Why is Fine Art So Expensive? - Cramer Imaging - Quality Fine Art Photography
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Why is Fine Art So Expensive?

Why is Fine Art So Expensive?
It's an extremely common question to ask, especially when starting out to decorate a wall somewhere: why is fine art so expensive?  Well, believe it or not, there's actually a good reason for it.  That's what we're going to talk about in today's article.

What is Fine Art?


Professional quality nature macro photograph of blooming white wildflowers against green in Tetonia, Teton, Idaho by Cramer Imaging
Fine art is so subjective that you may call this photograph fine art and someone else might not.
As we're talking about why fine art is so expensive, we might as well start with defining what fine art actually is.  This will help explain the huge price tags often associated with what we deem fine art in this society.

Fine art has a rather abstract definition.  It's really hard to set objective standards for something that is so subjective and personal in nature.  About the best definition I've seen is a form of self expression or a statement which requires talent or skill to create.

Fine art, in all it's forms, is a labor of love and a labor of expression.  It's creation at its core.  It's a lengthy and agonizing process to say the least.  True fine art is is not something that you just assemble and call 'fine art' just because you feel like it.  It requires skill and vision.

Fine art is about evoking emotion in people.  It's about stirring something from deep within.  It could be peace.  It could be anger.  It all depends upon you as the viewer.

Fine Art Requires Skill


 Cramer Imaging's professional quality landscape photograph of the Virgin River and mountains at sunset in Zion's National Park, Utah
It took me years to learn how to take photos like this.
One of the top things we talk about when it comes to fine art is the skill level of the artist him or herself.  Proper fine art is a display of that skill level.  For the fine art to be considered worth something, the skill level of the artist must be relatively high.  That skill level doesn't come without some significant practice.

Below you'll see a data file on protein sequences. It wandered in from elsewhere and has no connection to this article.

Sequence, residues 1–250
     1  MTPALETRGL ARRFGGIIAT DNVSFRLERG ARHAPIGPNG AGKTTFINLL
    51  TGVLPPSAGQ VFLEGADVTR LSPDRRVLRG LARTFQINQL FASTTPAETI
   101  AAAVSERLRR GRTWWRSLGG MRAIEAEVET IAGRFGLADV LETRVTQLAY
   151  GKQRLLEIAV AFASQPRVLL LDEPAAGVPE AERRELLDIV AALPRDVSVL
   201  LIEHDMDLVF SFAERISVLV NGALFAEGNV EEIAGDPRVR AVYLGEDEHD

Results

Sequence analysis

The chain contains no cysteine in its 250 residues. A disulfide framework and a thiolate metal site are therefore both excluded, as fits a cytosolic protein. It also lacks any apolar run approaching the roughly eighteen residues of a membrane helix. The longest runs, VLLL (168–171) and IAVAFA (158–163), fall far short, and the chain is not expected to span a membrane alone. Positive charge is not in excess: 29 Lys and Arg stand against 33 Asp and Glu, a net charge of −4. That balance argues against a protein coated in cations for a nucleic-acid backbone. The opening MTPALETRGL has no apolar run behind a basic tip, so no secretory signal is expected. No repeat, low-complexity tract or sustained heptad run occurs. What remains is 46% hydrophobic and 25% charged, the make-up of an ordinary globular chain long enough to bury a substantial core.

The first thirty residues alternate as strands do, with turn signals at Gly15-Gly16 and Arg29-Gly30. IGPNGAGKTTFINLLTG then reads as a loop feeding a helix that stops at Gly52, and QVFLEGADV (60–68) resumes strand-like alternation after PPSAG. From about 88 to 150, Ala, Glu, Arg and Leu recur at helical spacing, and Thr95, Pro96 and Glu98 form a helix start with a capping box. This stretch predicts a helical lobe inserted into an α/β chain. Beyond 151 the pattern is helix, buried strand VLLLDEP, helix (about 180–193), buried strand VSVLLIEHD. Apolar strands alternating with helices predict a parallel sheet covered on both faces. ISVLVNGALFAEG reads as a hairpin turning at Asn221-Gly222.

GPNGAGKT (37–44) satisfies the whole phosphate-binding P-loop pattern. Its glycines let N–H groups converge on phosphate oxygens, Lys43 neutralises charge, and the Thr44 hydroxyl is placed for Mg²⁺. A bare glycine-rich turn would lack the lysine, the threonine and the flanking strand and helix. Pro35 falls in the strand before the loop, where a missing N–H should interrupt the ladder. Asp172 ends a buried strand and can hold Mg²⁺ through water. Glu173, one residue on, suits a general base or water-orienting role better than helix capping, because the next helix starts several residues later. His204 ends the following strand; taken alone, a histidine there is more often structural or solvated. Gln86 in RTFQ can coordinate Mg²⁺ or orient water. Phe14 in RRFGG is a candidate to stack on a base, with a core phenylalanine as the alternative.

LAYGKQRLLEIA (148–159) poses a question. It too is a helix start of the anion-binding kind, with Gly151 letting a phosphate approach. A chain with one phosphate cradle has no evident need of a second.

This is one big reason right there why fine art is so expensive.  You are paying for the time and effort (often years) which it took the artist to arrive at his or her current skill level.  Fine art photography, often considered so easy with clicking a shutter, takes years to learn how to create proper photos.

If the artist's skill level didn't matter, we would be paying tons of money for the scribbles of toddlers using crayons.  No one considers that kind of art or expression to be valuable other than the proud parents and grandparents.  Even then, they don't try to sell those scribbles as fine art because it's so easy to create such a piece.

Your time is worth something to you.  It's valuable and irreplaceable.  Artists feel the same way about their time too.  Often, the time they took to learn their artistic skill set was their own time (meaning not on the job).  That's valuable and precious time for everyone.  Naturally, you would want compensation for taking time away from your friends, family, internet gaming, etc.  They do too.  This highly significant time investment is part of the price tag of fine art.  In fact, it's probably more of the price tag sum than anything else.

Creating Fine Art Requires Using Expensive Materials


Cramer Imaging's professional quality product photograph of a Nikon DSLR camera with removable flash unit in Pocatello, Bannock, Idaho
The tools of my chosen art form (fine art photography), a camera and a printer, are very expensive especially if you want to take high quality pictures.
Would you rather buy a sculpture made out of granite or out of sand?  You and I both know that granite lasts much longer.  It's the obvious choice.  Sand sculptures will crumble with little provocation when dried out.  In this scenario, granite is the quality medium to use but it does come with a few downsides as well.

Granite for sculpting is also much more expensive and difficult to obtain than sand is.  If you want sand, just go down to a local beach and you'll have all you want.  Granite must be quarried out of a mountain.  It's also a lot less forgiving medium than sand is if you mess up.  Obtaining difficult ingredients and mess ups are part of the high price tag of fine art too.

Artists want their art to last for years to come.  They want people to keep seeing and appreciating what they created.  Because of this, artists seek out the best materials to create works of fine art with.  They want the best paint, canvas, and brushes.  They want the best clay, potters wheel, and kiln.  They want the best precious metals, gemstones, and tools money can buy.  The best doesn't come cheap for the artist either so it's part of your fine art cost too.

Lots of time and research has gone into finding out what the best materials are for different kinds of art.  This is hundreds and thousands of man-hours just to make sure that your fine art photograph won't fade to blank in a couple years.  This preservation research isn't cheap either.  It's also a part of any fine art price tag.

Conclusion


The expensive price tag of fine art is based on the huge time investment of the artist and the high cost of materials necessary to create art which will last.  There are other factors which play into the price but these two are the big ones.

If you have any more questions about why fine art is so expensive, please feel free to leave them in the comments below and we'll try to answer them for you.